I want to briefly introduce myself. My name is Kristin Wagner. I was born and raised in the Chicago suburbs, and after living in Tennessee and Texas returned back home to raise my two boys. I am a wife and mother, a former high school English teacher and currently a writer. I volunteer at our school and take my kids to the pool in the summer and sit outside of piano lessons making up grocery lists.

I am also a chronically ill person. Though I am somewhat shy about using the term, I do identify as disabled. I have Hashimoto’s Thyroidistis, fibromyalgia, chronic urticaria with dermatographism, a dairy sensitivity, hypoglycemia, allergies, premature ovarian failure, and sometimes depression. I walk a tightrope each day to manage the symptoms of each illness without causing more problems with another illness.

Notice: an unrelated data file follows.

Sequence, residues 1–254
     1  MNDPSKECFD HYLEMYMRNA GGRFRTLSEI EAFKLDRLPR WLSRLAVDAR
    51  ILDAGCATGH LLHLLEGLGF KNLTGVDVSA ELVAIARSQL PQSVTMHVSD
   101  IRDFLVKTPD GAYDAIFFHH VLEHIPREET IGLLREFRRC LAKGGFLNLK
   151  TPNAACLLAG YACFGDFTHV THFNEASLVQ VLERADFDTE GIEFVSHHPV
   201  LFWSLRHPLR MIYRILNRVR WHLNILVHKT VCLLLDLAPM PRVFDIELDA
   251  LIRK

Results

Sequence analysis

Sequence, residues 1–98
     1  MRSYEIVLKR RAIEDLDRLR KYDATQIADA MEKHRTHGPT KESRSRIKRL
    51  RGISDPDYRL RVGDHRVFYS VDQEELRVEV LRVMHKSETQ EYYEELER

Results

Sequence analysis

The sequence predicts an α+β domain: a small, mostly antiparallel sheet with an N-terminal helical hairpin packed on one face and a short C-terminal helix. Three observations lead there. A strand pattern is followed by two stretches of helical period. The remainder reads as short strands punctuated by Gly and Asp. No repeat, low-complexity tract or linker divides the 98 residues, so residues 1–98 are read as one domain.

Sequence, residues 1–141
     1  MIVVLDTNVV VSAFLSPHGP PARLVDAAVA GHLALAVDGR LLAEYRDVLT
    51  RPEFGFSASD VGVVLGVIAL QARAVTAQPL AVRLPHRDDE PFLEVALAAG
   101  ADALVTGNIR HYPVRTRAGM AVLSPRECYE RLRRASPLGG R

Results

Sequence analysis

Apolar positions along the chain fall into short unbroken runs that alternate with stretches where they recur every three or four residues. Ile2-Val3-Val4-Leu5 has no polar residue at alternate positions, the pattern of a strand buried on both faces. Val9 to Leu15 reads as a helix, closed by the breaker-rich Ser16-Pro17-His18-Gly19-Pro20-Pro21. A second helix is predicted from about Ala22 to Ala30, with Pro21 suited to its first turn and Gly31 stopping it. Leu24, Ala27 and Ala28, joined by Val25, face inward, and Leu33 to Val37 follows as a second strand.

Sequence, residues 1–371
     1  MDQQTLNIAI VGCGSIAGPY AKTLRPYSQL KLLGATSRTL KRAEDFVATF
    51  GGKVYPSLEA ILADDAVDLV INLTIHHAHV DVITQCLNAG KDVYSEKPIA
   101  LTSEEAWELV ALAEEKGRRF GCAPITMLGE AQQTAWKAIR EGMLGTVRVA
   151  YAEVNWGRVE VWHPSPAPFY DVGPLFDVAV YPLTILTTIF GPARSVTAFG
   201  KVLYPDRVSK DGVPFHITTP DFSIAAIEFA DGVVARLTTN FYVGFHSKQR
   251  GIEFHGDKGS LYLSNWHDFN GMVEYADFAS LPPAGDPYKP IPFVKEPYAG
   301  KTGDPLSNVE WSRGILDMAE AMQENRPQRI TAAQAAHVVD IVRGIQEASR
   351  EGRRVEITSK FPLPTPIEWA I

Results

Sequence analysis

The process of getting to a place, a decade after I began being actively sick, to where I can get by involved neurologists, gastroenterologists, endocrinologists, rheumatologists, allergists, gynecologists. It involved trips to the ER with unexplained pain, ultrasounds, x-rays, an MRI, an EEG, an EKG, a colonoscopy, steroid shots, and blood tests measuring almost anything that can be measured in a blood sample.